Morphological evaluation was performed on the brain and spinal cord of animals that received l-BOAA for 40 d (Fig.10 A–D). Pyramidal neurons of layers 3 and 5 in the motor cortex revealed cytoplasmic vacuolation and swelling of the apical dendrites. Similar pathology was also noted in the neurons of the motor cranial nerve nuclei. In the spinal cord, the brunt of the pathology was seen in the lumbar and sacral segments, with relative sparing of the cervical and thoracic segments. The medial and intermediate group of neurons corresponding to laminae 7 and 8 of the gray horn in the lumbar level of the spinal cord were abnormal, whereas the lateral group of neurons (lamina 9 of the gray horn) were relatively preserved. The spinal neurons showed cytoplasmic vacuolation, dendritic swelling, and depletion of Nissl substance. The neuronal contour was distorted significantly in some by multiple vacuolation. However, the nucleus and nucleolus were intact. Some of the vacuoles had a central, dark granule. An increase in astrocytes was noted, many of them having a pale watery nucleus and multiple obvious nucleoli, unlike in controls. These astrocytes were seen as small clusters in the neuropil. In mice, wherein l-BOAA was administered for 40 d and then discontinued for 15 d, the pathological changes of neuronal vacuolation receded.
The effect of l-BOAA on mitochondrial complex I was gender-specific. Exposure of brain slices from female mice tol-BOAA had no effect on the complex I activity even at concentrations up to 1 μm (data not shown). Administration of a single dose of l-BOAA (10 mg/kg body weight, s.c.; Fig.11 A) or chronic exposure to l-BOAA (5 mg/day, s.c; Fig.11 B) for 40 d did not have any effect on the complex I activity in the motor cortex or lumbosacral cord, whereas the activity was significantly inhibited in similarly treated groups of male mice.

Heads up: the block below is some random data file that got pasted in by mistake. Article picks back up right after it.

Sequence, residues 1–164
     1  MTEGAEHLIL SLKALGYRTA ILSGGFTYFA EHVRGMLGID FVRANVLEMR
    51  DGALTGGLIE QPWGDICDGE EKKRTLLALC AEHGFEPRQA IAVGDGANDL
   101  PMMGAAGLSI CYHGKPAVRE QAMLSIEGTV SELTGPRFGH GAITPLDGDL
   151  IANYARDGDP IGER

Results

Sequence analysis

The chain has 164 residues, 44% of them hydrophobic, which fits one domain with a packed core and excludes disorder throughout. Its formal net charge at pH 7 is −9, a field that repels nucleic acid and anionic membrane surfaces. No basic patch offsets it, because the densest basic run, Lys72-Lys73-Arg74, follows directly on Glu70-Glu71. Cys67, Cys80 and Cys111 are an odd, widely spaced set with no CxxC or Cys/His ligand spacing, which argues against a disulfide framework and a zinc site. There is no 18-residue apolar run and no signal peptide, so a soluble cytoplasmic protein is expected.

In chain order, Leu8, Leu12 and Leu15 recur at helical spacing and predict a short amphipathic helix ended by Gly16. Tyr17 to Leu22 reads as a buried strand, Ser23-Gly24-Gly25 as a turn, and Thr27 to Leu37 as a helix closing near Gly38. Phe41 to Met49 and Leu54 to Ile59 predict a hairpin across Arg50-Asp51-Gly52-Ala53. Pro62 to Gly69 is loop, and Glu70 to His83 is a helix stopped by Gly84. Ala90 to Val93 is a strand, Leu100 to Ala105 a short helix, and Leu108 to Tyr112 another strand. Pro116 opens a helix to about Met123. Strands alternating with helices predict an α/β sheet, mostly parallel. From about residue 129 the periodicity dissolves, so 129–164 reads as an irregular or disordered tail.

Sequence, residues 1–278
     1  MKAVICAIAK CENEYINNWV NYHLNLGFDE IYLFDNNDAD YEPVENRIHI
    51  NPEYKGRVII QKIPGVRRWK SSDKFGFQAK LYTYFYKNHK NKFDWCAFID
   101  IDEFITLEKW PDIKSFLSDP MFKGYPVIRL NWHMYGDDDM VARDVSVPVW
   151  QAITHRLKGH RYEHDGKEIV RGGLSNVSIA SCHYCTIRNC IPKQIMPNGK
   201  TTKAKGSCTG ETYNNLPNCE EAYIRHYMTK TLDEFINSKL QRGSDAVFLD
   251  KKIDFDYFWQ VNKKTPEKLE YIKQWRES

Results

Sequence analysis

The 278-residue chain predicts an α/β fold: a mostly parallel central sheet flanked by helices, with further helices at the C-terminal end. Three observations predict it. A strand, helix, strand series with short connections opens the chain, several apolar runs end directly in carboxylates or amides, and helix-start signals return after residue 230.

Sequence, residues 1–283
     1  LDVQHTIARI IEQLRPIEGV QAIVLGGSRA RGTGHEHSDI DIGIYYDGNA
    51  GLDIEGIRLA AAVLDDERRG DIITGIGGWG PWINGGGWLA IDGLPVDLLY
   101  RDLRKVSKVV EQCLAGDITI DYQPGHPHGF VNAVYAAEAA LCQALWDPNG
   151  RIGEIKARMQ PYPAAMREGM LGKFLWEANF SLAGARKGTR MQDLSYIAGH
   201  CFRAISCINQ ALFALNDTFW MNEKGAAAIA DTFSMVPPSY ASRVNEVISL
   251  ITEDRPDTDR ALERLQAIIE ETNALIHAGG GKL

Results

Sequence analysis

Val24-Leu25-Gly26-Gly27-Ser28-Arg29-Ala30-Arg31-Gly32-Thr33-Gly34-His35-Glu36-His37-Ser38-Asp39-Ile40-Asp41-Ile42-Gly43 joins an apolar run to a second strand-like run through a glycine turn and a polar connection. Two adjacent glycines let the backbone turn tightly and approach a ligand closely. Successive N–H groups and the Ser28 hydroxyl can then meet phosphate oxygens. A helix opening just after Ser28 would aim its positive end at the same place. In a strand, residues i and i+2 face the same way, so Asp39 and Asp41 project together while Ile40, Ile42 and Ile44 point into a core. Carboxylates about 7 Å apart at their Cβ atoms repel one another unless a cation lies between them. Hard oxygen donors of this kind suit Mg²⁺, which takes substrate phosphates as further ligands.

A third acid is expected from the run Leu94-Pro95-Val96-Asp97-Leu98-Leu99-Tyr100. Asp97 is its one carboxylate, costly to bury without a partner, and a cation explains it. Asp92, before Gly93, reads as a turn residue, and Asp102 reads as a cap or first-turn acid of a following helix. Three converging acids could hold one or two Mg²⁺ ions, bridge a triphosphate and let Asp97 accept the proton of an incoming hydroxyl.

Animal models for neurolathyrism that mimic the progressive degeneration of Betz cells in the motor cortex and the corticospinal tract have not been reported. Monkeys fed 10- to 20-fold higher doses than that necessary to produce irreversible neurolathyrism in humans develop the initial signs of the disease as evidenced by central motor deficits involving the corticospinal tracts (Ludolph and Spencer, 1996). Administration of large doses of the toxic principlel-BOAA to rodents, however, results in seizures (ShashiVardan et al., 1997). Pathological effects in the animal model of l-BOAA toxicity defined in the present study share remarkable resemblance to the regiospecific effects seen in the human disease. Selective inhibition of mitochondrial complex I (Fig. 4) and pathological changes (Fig. 10) were seen in the lumbosacral cord and the motor cortex after acute or chronic exposure to l-BOAA with no apparent changes in all the other regions of the CNS that were examined. The similarity with the human disease was also seen in the gender-specific effects of l-BOAA; the female mice were relatively resistant to the toxic effects (Fig. 11). In humans, the incidence of neurolathyrism is more common in men, whereas women are less prone to the disease, although the intake of the chickling pea from Lathyrus sativus is not significantly different (Roy, 1988). It has been reported that pretreatment of cortical neuronal cultures with estrogen protects them from excitotoxic insults when the cells were challenged with glutamate (Behl et al., 1997). Although the mechanism by which estrogens protect the neuronal cell is not known, it is hypothesized that estrogen-like compounds, in general, are able to protect the neurons from damage by oxidative stress-mediated events.